I’m very glad that feeling’s gone.

    But I still didn’t go visit the area or ‘Ground Zero’ when I was in NYC a few weeks back.

    I was afraid that feeling would return, maybe.

    I imagine for those that were closer to it than I was, that feeling may never fade.Report

  6. Chris says:

    Jay, Lupe is awesome when he gets it right. Good choice.

    Did you see that he’s now threatening to leave music?Report

  7. Tod Kelly says:

    I’m suddenly realizing… Back last year and before, it seems like so many things got framed by the GOP through the lens of 9/11. Is it just me, or has that all but disappeared?

    If so, why is that? Is it that Bin Laden’s death has allowed us to move on? Is it the desire to focus on nothing but the economy these days? Is it that Obama is essentially doing the same things Bush did, and the p**sy card no longer works on liberals on the war on terror?

    I don’t know, but I’m suddenly realizing that 9/11 has kind of disappeared from the political day-to-day, and I didn’t even notice it leaving.Report

    • Jaybird in reply to Tod Kelly says:

      I think the culmination was the 10th Anniversary and then, internet be praised, our attention spans said “let’s change the goddamn topic”.

      When Osama was finally shot in the damn head and fed to fish, even the worst of the neocons didn’t want to talk about 9/11 because doing so would be aid and comfort to the enemy and, meanwhile, the rest of us were ready to stop talking about it at the same time.

      That’s my theory.

      I suspect that, henceforth, we’ll only really devote a lot of thought to 9/11 on the anniversaries that are “big” ones.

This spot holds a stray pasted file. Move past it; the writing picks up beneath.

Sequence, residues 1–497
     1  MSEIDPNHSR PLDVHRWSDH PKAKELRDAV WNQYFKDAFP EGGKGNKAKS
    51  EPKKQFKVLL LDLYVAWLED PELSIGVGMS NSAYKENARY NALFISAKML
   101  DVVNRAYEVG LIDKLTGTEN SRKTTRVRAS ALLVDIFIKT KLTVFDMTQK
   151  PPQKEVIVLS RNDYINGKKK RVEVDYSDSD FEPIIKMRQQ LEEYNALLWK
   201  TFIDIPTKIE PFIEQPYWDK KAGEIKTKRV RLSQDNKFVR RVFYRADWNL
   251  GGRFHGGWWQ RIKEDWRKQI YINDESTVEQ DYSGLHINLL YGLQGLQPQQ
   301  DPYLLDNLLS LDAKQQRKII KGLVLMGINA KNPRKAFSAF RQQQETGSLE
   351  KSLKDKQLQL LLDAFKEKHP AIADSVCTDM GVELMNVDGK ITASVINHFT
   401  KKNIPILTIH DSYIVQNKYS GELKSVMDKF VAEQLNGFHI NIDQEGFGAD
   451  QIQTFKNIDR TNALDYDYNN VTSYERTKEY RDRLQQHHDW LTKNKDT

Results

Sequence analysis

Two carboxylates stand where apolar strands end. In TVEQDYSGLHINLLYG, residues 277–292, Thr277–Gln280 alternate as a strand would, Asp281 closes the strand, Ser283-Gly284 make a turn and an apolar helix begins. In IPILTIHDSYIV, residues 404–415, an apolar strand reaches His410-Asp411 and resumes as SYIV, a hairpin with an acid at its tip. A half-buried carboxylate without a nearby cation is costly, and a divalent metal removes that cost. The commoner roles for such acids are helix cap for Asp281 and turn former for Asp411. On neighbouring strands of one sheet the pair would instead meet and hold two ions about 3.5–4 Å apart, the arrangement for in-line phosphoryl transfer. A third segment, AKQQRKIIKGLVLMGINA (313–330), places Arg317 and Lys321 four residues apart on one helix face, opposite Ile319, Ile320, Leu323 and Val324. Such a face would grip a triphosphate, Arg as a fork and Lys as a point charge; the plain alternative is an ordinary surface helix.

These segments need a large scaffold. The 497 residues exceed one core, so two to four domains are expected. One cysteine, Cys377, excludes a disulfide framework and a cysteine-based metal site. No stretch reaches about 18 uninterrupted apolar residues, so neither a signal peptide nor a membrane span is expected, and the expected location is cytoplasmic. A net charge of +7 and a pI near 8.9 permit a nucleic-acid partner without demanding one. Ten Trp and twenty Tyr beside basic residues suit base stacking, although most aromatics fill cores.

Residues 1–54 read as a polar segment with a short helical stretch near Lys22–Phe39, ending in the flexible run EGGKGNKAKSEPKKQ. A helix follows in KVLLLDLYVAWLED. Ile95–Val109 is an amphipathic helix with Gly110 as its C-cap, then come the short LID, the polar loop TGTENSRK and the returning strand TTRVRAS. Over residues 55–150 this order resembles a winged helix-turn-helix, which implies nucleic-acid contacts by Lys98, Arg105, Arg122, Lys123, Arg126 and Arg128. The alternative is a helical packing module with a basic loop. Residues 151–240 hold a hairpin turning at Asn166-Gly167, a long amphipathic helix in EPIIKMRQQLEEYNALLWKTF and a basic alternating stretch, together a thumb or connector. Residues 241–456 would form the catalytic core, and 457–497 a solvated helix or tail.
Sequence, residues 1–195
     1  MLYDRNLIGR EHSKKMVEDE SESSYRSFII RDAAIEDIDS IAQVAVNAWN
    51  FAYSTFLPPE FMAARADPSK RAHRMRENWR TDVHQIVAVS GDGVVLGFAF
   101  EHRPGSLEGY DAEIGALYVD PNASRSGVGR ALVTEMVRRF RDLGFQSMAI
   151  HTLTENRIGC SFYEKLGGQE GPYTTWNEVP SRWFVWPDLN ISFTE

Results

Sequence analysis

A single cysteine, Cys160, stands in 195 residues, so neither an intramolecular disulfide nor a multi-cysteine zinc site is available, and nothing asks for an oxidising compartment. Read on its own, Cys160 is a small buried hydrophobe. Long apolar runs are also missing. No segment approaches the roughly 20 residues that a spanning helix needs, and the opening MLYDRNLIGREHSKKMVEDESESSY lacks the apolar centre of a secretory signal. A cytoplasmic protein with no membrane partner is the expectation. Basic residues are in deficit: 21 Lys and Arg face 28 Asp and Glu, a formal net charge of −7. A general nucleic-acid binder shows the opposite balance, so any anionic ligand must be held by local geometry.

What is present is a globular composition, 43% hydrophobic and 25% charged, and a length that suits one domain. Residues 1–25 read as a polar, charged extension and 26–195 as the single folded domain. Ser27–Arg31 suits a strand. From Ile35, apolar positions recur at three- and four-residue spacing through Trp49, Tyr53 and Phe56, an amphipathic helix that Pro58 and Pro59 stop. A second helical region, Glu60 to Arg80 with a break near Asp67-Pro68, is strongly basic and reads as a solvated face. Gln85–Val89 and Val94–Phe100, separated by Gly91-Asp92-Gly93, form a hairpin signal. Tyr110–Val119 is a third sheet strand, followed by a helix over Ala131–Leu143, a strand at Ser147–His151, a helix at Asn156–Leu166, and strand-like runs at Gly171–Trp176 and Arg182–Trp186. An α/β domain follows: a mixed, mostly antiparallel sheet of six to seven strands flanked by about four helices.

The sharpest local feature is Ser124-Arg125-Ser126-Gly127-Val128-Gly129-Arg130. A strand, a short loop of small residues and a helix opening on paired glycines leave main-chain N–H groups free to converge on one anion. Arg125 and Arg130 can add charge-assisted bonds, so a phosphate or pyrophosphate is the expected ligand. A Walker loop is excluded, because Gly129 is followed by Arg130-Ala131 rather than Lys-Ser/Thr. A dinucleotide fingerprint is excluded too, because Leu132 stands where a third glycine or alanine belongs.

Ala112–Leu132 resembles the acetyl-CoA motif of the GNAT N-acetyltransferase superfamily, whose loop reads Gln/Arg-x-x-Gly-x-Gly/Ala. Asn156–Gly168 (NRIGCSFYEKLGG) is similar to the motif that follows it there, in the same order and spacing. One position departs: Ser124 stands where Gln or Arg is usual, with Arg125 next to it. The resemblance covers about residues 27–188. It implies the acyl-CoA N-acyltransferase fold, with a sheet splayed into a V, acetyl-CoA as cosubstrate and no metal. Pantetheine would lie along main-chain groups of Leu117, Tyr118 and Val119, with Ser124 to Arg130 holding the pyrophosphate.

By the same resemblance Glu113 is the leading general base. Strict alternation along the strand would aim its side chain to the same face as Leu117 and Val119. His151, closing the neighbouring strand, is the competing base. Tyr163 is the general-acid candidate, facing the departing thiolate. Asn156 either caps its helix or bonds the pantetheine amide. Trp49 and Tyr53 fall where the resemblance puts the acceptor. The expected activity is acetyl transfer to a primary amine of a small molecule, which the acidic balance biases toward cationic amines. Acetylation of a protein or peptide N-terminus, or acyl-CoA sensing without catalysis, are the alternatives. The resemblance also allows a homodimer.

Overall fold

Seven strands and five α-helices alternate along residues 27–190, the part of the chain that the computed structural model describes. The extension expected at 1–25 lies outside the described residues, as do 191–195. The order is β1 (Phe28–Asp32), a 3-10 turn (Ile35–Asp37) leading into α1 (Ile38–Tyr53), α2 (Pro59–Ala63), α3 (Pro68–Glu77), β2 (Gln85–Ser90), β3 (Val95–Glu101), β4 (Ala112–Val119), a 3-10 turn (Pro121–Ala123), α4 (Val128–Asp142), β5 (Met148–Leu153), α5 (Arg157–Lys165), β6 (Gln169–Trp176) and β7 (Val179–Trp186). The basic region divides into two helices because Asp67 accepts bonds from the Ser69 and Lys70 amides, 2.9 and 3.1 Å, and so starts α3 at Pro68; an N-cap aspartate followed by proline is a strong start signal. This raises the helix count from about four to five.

All that to say: Yeah, you’re right. I think that this means that whomever is president can (finally) pull out of Afghanistan and call it “Peace with Honor” or whatever they’re inclined to call it.Report

    • Tom Van Dyke in reply to Tod Kelly says:

      Bin Laden’s eschatology died in Iraq, not in Pakistan.Report

  8. Anne says:

    I was in my first year of grad school. Did not have class that day was home out in Queens close to LaGuardia. Always, always listened to the news in the morning I did not that day. My sister called me hysterical telling me a plane crashed into the World Trade Center. I turn on the TV in time to see the second plane. Lost TV reception, antennas were on the towers. Then my dad calls still on my cell with my sister I kept trying to get them to tell me what was going on. Decided to go downstairs to my landlords (they had cable). Mr. Boiardi looked at me like I was insane when I told him. We sat and watched the towers fall.

    Russell’s post from last year really spoke to me. I could have written the last two sentences of that post “However, what I always remember most of all is how full New York City was, in the days and weeks after the attacks, of decency and compassion and sacrifice. Which is why I will always consider it in some way my home, no matter where I live. Why I will always love it more than any other place on earth.”

    I still have a very hard time seeing anything connected with that day.Report